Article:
I hate that I fully trusted you because now you are so careless with my heart.
Realizing the person I thought cared about me couldn’t care less about me. I hate when this happens. I guess it was all a waste of time…
I told you that I was a roadway of potholes, not safe to cross. You said nothing, showed up in my driveway wearing roller-skates.
The first time I asked you on a date, after you hung up, I held the air between our phones against my ear and whispered, “You will fall in love with me. Then, just months later, you will fall out. I will pretend the entire time that I don’t know it’s coming.”
Once, I got naked and danced around your bedroom, awkward and safe. You did the same. We held each other without hesitation and flailed lovely. This was vulnerability foreplay.
The last eight times I told you I loved you, they sounded like apologies.
You recorded me a CD of you repeating, “You are beautiful.” I listened to it until I no longer thought in my own voice.
Into the half-empty phone line, I whispered, “We will wake up believing the worst in each other. We will spit shrapnel at each other’s hearts. The bruises will lodge somewhere we don’t know how to look for and I will still pretend I don’t know its coming.”
You photographed my eyebrow shapes and turned them into flashcards: mood on one side, correct response on the other. You studied them until you knew when to stay silent.
I bought you an entire bakery so that we could eat nothing but breakfast for a week. Breakfast, untainted by the day ahead, was when we still smiled at each other as if we meant it.
I whispered, “I will latch on like a deadbolt to a door and tell you it is only because I want to protect you. Really, I’m afraid that without you I mean nothing.”
I gave you a bouquet of plane tickets so I could practice the feeling of watching you leave.
I picked you up from the airport limping. In your absence, I’d forgotten how to walk. When I collapsed at your feet, you refused to look at me until I learned to stand up without your help.
Too scared to move, I stared while you set fire to your apartment – its walls decaying beyond repair, roaches invading the corpse of your bedroom. You tossed all the faulty appliances through the smoke out your window, screaming that you couldn’t handle choking on one more thing that wouldn’t just fix himself.
I whispered, “We will each weed through the last year and try to spot the moment we began breaking. We will repel sprint away from each other. Your voice will take months to drain out from my ears. You will throw away your notebook of tally marks from each time you wondered if I was worth the work. The invisible bruises will finally surface and I will still pretend that I didn’t know it was coming.”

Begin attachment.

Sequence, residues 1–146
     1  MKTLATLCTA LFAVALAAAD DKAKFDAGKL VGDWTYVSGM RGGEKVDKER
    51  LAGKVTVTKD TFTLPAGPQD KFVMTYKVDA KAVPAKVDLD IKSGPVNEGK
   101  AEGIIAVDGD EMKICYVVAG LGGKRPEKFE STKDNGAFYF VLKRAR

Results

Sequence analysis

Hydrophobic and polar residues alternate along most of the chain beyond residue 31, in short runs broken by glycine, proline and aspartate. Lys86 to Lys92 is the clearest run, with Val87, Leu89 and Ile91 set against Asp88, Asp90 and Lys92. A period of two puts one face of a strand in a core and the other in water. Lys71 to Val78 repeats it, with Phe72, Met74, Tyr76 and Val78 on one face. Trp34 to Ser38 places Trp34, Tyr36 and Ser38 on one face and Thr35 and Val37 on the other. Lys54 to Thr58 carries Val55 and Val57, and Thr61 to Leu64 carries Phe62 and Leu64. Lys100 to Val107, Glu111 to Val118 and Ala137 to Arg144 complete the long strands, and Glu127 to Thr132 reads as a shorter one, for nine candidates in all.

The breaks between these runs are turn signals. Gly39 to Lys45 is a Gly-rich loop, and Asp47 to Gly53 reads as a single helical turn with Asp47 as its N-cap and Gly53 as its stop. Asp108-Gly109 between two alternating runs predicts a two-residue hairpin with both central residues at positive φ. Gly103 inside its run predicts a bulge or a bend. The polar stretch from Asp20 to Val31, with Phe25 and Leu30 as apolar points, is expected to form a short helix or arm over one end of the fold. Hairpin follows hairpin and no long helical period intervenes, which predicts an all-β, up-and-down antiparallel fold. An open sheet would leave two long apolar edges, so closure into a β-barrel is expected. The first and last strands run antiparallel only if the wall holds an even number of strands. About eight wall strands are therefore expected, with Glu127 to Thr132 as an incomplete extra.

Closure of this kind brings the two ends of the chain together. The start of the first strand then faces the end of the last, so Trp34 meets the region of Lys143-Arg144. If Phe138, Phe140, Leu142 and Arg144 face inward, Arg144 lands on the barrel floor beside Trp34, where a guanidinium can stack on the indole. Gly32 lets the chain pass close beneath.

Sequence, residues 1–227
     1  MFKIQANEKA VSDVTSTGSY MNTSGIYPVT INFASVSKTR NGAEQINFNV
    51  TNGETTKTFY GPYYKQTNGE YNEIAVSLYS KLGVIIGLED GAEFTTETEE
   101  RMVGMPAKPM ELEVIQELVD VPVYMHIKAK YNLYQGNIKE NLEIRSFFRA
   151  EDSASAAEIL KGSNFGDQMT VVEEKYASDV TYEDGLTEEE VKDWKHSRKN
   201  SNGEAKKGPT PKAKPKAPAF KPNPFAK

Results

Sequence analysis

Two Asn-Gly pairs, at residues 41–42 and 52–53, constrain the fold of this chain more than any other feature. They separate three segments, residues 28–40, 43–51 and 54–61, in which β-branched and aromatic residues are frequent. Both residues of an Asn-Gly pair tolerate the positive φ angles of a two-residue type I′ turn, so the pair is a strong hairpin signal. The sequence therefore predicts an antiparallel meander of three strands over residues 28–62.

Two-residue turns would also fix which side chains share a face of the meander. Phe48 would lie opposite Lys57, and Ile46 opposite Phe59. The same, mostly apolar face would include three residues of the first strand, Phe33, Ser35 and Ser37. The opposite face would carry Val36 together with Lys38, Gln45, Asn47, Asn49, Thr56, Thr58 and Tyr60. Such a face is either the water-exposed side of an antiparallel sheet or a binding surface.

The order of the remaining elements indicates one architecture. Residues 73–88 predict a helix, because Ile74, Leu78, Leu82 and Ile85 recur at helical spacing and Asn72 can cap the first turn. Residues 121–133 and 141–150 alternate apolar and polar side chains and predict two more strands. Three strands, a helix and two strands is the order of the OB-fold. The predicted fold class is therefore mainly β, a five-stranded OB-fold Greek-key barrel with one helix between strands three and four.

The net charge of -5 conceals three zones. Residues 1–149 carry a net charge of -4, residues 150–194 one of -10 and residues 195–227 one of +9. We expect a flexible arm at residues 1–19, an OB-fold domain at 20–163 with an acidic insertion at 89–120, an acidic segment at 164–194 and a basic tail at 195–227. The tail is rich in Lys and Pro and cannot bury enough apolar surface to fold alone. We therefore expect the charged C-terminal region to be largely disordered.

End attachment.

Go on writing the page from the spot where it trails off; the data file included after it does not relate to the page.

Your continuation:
The entire time, I was only pretending that I knew it was coming.
|—||Miles Walser, “A Sonnet of Invented Memories” (via flannel)|
Sometimes you need to remind yourself that you were the one who carried you through the heartache. You are the one who sits with the cold body on the shower floor, and picks it up. You are the one who feeds it, who clothes it, who tucks it into bed, and you should be proud of that. Having the strength to take care of yourself when everyone around you is trying to bleed you dry, that is the strongest thing in the universe.
Reblogging because I want all of my followers to be aware of just how much you can do in Photoshop, and how little of what you see on posters, in magazines and of pictures on the internet etc. are necessarily real.
Imagine how the model feels, too. She was hired to be the most beautiful, but they still had to change her because her beauty wasn’t enough.
Not only is the general body distortion completely gross, but notice that they lighten her skin color. This is a white, blonde model, and they make her whiter. Actual white people aren’t even the ideal whiteness, so can you even imagine what models with dark skin have to endure in this industry?
so for all you girls that ask “Why can’t I look like the girls in magazines” it’s because the girls in magazines don’t even look like the girls in magazines.
took the bus home,
carried both bags with two good arms back to my studio apartment
and cooked myself dinner.
You and I may have different definitions of a good day.
This week, I paid my rent and my credit card bill,
worked 60 hours between my two jobs,
only saw the sun on my cigarette breaks
and slept like a rock.
Flossed in the morning,
locked my door,
and remembered to buy eggs.
My mother is proud of me.
It is not the kind of pride she brags about at the golf course.
She doesn’t combat topics like, ”My daughter got into Yale”
with, ”Oh yeah, my daughter remembered to buy eggs”
But she is proud.
See, she remembers what came before this.
The weeks where I forgot how to use my muscles,
how I would stay as silent as a thick fog for weeks.
She thought each phone call from an unknown number was the notice of my suicide.
These were the bad days.
My life was a gift that I wanted to return.
My head was a house of leaking faucets and burnt-out lightbulbs.
Depression, is a good lover.
So attentive; has this innate way of making everything about you.
And it is easy to forget that your bedroom is not the world,
That the dark shadows your pain casts is not mood-lighting.
It is easier to stay in this abusive relationship than fix the problems it has created.
Today, I slept in until 10,
cleaned every dish I own,
fought with the bank,
took care of paperwork.
You and I might have different definitions of adulthood.